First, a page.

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BP, Shell Cost Cuts May Falter as Drilling Stirs Oil Inflation

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February 21, 2010, 07:10 PM EST

By Eduard Gismatullin and Marianne Stigset

Feb. 22 (Bloomberg) — BP Plc and Royal Dutch Shell Plc may falter in their campaigns to save billions in oil and gas project costs as a resurgence in drilling and demand for engineers threaten to revive inflation in the industry.

Crude prices doubled in the past year, prompting producers to resume projects put on hold during the recession. Oil and gas industry spending will rise 11 percent this year to $439 billion, according to Barclays Capital.

“Oil price inflation and cost inflation are highly correlated, albeit with some delay,” said Paul Wheeler, a London-based managing director in the oil and gas group at investment bank Jefferies International Ltd. “The oil industry is always people constrained. It’s one of the biggest challenges: a lack of young engineers and geologists.”

BP Chief Executive Officer Tony Hayward said Europe’s largest oil company will try to cut costs further this year after saving $4 billion in 2009. Shell’s Peter Voser aims to trim expenses by $1 billion. The respite the economic crisis brought on costs may prove temporary as producers are forced to spend more to recover oil from deepwater reserves, tar sands and gas-bearing rocks.

While the major oil companies may face difficulty holding costs down, the beneficiaries of increased drilling will be oil services companies like Schlumberger Ltd., Baker Hughes Inc. and Petrofac Ltd., hired to work on production projects.

Investor Outlook

Investors prefer the outlook for service companies to oil producers. Shares of Schlumberger, which yesterday agreed to buy drilling lubricants provider Smith International Inc. for about $11.3 billion, have gained 82 percent in the last year. Petrofac has more than doubled. In the same period BP has gained 28 percent and Shell is up 11 percent.

“All the service sector is going to be busy again,” Ayman Asfari, CEO of Petrofac, the U.K.’s biggest oil contractor by market value, said in an interview in London. “All the majors now are realizing they cannot stop investing and they are all coming back.”

Aside from salaries, prices for raw materials such as steel, are the biggest contributor to project costs. World steel prices have recovered 19 percent since reaching a three- year low in May as the global economy returns to growth, according to a tracker index from Steel Business Briefing. That will push up the prices of piping and sheet metal needed to build rigs and processing plants.

‘Log Jam’

“Cost pressures on oil services are bottoming out and the next move is up,” Keith Morris, an analyst at London-based Evolution Securities Ltd., said in a note earlier this month. A “log-jam of projects postponed from 2009 will lead to a scramble for oil services. Spare capacity will get booked up, quickly leading to return of cost inflation.”

London-based BP will invest $20 billion this year, little changed from 2009, as it works on projects in Alaska, Trinidad & Tobago and the Gulf of Mexico. Shell, based in The Hague, expects to spend $28 billion this year and Paris-based Total plans $18 billion.

“We are definitely seeing costs recover slightly,” Total CEO Christophe de Margerie told reporters in London this month.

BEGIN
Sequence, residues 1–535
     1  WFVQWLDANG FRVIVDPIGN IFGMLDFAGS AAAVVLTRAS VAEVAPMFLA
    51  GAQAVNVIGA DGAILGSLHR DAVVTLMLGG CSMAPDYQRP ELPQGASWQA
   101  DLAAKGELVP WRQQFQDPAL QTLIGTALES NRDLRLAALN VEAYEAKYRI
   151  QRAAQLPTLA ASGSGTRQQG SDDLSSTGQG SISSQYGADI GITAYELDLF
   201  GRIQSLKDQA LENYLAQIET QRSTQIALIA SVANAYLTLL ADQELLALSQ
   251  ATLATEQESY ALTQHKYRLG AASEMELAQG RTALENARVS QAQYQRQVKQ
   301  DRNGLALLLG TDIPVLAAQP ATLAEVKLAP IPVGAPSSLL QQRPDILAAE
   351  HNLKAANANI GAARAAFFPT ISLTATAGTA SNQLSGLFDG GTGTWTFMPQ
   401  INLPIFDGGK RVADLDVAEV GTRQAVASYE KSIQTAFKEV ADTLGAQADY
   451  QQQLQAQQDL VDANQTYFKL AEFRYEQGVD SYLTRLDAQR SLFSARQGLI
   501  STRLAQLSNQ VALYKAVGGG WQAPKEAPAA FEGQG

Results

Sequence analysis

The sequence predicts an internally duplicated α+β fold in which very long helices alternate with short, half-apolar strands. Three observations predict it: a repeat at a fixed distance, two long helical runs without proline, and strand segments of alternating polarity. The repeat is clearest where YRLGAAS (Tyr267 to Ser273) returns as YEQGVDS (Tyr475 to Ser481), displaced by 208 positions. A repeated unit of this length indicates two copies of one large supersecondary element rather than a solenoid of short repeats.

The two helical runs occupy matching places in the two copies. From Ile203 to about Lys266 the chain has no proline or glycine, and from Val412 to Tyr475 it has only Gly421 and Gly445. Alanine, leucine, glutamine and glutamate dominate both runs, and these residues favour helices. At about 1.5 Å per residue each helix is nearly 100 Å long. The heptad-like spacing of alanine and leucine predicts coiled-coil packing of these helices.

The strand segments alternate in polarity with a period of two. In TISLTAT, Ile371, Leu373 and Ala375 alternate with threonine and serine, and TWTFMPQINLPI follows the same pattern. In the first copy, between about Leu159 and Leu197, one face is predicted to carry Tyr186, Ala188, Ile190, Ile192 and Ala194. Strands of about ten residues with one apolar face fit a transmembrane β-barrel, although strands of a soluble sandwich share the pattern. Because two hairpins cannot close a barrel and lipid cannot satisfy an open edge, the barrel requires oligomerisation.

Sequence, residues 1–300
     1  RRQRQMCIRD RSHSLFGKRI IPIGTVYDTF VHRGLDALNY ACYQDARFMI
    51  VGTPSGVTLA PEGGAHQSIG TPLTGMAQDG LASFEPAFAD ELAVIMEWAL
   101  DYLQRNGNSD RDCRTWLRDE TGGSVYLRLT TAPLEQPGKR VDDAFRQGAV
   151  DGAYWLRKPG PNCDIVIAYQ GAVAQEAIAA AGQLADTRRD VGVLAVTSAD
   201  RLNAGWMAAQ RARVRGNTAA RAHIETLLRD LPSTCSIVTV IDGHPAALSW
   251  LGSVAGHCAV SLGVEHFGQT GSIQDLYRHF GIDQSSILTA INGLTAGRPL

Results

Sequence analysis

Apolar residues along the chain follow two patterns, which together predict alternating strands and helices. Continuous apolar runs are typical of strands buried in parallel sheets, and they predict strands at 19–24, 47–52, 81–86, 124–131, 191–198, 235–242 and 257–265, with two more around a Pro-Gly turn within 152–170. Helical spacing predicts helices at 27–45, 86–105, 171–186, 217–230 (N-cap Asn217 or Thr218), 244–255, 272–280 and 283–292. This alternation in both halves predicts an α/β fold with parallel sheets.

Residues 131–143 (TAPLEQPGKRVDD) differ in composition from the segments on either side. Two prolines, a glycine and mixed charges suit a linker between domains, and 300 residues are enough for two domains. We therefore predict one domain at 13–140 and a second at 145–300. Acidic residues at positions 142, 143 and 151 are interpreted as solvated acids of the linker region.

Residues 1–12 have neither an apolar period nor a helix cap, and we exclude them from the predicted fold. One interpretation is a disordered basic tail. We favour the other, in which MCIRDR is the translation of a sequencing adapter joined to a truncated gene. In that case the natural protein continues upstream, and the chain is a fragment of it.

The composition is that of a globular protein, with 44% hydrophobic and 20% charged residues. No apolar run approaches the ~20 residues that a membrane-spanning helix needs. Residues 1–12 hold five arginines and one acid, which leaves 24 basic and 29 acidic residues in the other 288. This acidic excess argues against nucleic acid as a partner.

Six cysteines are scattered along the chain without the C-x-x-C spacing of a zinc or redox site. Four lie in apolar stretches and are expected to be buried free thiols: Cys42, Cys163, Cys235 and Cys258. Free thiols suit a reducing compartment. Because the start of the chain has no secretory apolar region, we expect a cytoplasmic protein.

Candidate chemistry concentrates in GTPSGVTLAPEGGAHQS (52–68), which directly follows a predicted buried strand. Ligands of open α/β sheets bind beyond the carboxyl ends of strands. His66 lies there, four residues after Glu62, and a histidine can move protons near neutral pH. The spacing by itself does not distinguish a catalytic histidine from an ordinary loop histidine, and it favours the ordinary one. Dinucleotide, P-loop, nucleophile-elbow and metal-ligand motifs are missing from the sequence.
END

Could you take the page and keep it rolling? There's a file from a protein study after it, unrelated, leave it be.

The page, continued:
The trend toward deepwater drilling, liquefied natural gas plants and other high-technology projects is adding to pressure on contractor capacity, de Margerie said.

“The costs of developing assets today are significantly higher than they were five years ago and there is no way we are going back to those levels,” Petrofac’s Asfari said in London. “There is nothing you can do about the underlying costs, like human resources.”

Skilled Workers

In Australia, where San Ramon, California-based Chevron Corp.’s $40 billion Gorgon project is among more than a dozen LNG ventures under development, cost pressures are already starting to show in salaries for skilled workers. Woodside Petroleum Ltd. said in November the cost of its $12 billion Pluto project may surge as much as $1 billion, partly because of labor expenses.

Pressure on skilled oil industry professionals may increase in other parts of the world as projects get up to speed, recruitment consultants said.

“We’re still far away from the pre-financial crisis levels, but there has been an increase in demand for engineers,” said Geir Doelvik, managing director of Manpower Professional Engineering AS, an Oslo-based recruiter for the oil industry. “We haven’t seen salaries increase yet, but we’re going into wage negotiations, so we’ll see what happens then.”

Charges for hiring drilling rigs may rebound after more units were pressed into service in recent months. The number of rigs in use worldwide has risen 40 percent from May’s six- year low, according to data from Baker Hughes.

Talks with producers to cut prices “are behind us,” Andrew Gould, CEO of Schlumberger, the world’s largest oilfield-services provider, said in an interview in Oslo this month. “The danger is that if oil prices accelerate then in the supply industry, certain shortages will appear quite quickly.”

–With additional reporting by Brian Swint in London. Editors: Will Kennedy, Amanda Jordan.

To contact the reporter on this story: Eduard Gismatullin in London at +44-20-7673-2268 or [email protected]; Marianne Stigset in Oslo at +47-22-99-6109 or [email protected].

To contact the editor responsible for this story: Will Kennedy at +44-20-7073-3603 or [email protected].


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